I’ve been thinking a lot about religion. For many years I tried to avoid the topic. I grew up Catholic, have 13 years of parochial education, and a degree from a Jesuit university. I felt done.
But this is a year of my past coming back, through old friends, hometowns, religion, and the reevaluation of everything. A good friend is a liberal feminist Christian blogger; another, an outspoken atheist. There’s everything in between on my Facebook feed. I now identify as agnostic. I can’t get behind the Body of Christ anymore, but I’ve resumed my yoga practice for more than just the exercise. Many of my friends are also in their thirties, so perhaps we’re all reevaluating. Faith is deeply personal and often fraught.
I approached Lisa Takeuchi Cullen’s novel Pastors’ Wives with some trepidation. I was fascinated by the subject matter: what happens when a woman marries a man of God? How exactly does that relationship work, and what if her faith is significantly different from her husband’s? They still have sex, right? (Hey, I grew up Catholic. It’s a valid question.) Are all pastors’ wives as outspoken as Annie Camden?
Like me, Cullen was raised in the Holy Roman Church and had no idea herself, until she wrote a Time Magazine article in 2007 about pastors’ wives, their lives and their growing social networks. Pastors’ Wives is a novelization of this article, focusing on three very different women in an Atlanta “megachurch.” Ruthie is the new girl in town: also a former Catholic (are you getting a theme here?), she and her husband lived in New York until he felt “the calling” and uprooted them South to serve as an associate pastor. Candace is the wife of Aaron Green, Greenleaf’s super-pastor who charms the masses, drives a Prius to reduce waste, and works with a rabbi and imam to foster positive interfaith relations. Ginger is Candace’s nervous daughter-in-law, deeply faithful but personally unsure: her pastor husband is away on mission trips more often than not, and Ginger lives in fear of someone discovering her torrid past.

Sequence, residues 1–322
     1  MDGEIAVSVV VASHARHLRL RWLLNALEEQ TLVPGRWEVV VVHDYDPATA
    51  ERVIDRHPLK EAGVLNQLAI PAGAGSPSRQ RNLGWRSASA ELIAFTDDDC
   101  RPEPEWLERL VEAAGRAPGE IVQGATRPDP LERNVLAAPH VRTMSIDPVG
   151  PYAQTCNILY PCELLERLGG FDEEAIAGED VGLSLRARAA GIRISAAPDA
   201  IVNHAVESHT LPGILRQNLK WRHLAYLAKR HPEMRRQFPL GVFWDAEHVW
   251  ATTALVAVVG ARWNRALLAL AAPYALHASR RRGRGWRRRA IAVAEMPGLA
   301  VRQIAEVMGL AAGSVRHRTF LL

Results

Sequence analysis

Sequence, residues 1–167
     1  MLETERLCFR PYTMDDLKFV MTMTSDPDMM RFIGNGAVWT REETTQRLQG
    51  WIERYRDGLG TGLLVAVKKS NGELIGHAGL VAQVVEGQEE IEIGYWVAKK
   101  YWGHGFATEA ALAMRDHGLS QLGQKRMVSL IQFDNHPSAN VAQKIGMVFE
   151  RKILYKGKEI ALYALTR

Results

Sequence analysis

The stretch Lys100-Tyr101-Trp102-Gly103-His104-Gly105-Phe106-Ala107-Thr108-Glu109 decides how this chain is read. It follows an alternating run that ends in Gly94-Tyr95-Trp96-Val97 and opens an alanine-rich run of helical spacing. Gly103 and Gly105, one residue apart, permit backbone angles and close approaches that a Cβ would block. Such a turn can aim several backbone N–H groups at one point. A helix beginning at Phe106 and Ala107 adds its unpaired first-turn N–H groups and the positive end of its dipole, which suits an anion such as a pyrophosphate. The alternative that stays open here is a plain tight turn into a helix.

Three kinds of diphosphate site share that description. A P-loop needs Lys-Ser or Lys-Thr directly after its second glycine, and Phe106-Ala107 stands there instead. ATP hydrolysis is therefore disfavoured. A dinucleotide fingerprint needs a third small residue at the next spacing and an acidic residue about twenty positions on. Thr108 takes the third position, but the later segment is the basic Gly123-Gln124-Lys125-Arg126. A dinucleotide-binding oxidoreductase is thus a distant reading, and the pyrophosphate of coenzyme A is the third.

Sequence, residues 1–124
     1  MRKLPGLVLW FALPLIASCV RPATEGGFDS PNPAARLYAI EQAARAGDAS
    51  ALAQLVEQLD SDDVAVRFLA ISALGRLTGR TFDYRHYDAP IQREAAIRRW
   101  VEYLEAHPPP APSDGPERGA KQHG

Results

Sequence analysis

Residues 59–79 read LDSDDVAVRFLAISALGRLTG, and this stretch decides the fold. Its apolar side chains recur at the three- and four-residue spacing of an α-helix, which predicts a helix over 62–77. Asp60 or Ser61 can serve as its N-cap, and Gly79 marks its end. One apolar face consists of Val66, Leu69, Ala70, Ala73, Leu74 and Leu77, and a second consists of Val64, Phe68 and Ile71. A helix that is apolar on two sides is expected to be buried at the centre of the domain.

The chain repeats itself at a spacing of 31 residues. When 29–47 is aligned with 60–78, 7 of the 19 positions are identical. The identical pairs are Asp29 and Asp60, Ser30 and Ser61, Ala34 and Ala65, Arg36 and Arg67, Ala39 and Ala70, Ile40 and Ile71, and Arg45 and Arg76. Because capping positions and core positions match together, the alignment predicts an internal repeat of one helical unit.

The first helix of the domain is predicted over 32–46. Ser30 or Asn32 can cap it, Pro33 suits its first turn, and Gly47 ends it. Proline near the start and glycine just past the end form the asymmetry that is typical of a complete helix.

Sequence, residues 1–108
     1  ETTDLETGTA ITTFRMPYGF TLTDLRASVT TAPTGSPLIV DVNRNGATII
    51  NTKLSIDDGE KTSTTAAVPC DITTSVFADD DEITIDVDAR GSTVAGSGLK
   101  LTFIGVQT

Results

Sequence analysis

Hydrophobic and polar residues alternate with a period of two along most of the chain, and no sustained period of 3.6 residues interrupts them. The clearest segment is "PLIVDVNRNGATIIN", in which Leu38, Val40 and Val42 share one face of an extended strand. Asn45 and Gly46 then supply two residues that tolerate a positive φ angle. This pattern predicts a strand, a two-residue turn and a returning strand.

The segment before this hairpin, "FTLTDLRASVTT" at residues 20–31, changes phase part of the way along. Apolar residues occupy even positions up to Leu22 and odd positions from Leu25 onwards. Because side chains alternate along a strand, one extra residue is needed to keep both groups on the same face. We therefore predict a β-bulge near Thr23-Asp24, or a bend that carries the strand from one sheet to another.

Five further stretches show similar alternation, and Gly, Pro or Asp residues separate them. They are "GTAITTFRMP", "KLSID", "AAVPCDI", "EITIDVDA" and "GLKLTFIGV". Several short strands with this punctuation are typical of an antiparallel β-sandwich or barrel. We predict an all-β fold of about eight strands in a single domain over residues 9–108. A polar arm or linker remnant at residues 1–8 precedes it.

I’m fascinated by the megachurch culture, but fearful too. Even just reading about it feels dangerous sometimes. Cullen did an excellent job of pulling me in as a reader while making me feel safe too. I immediately identified with snarky, questioning Ruthie, which was probably the idea: the book alternates perspectives among the three women, but Ruthie is the only one who narrates in first person. I could understand her confusion: in some ways, it’s cool to see people come together (really, that’s the main theme of The Book of Mormon musical), but at what cost? Greenleaf has an “ex-gay” group, but Candace also takes down a preschool teacher who tries to tell her grandson that dinosaurs didn’t exist.
Speaking of Candace, she’s a force. I loved how this character was written: she embodies an entire generation of women (religious or no) who don’t take any credit, but get stuff done. Candace is petite, pretty, and terrifying. She’s fiercely loyal to Aaron, her family and community. She cleans up huge personal messes and directs a fabulous Christmas pageant. I liked Ginger as well, and enjoyed seeing her journey from timid housewife to strong advocate.
I could not put this book down, digging in on the bus, in a hotel lobby waiting to meet a friend, in my armchair until the very last page. I didn’t agree with all the beliefs, but I loved these complicated characters, Cullen’s clear and precise writing style, the very fair portrayal of evangelical Christians and exploration of faith. The epilogue is a bit cliche – and I won’t give any spoilers, but Cullen could have used a better framing device – but at the same time, I liked how not every loose end was perfectly tied. The three women felt even more real, evolving, processing. Kind of like faith itself.
Note: I was sent Pastors’ Wives free of charge, with no obligation to review.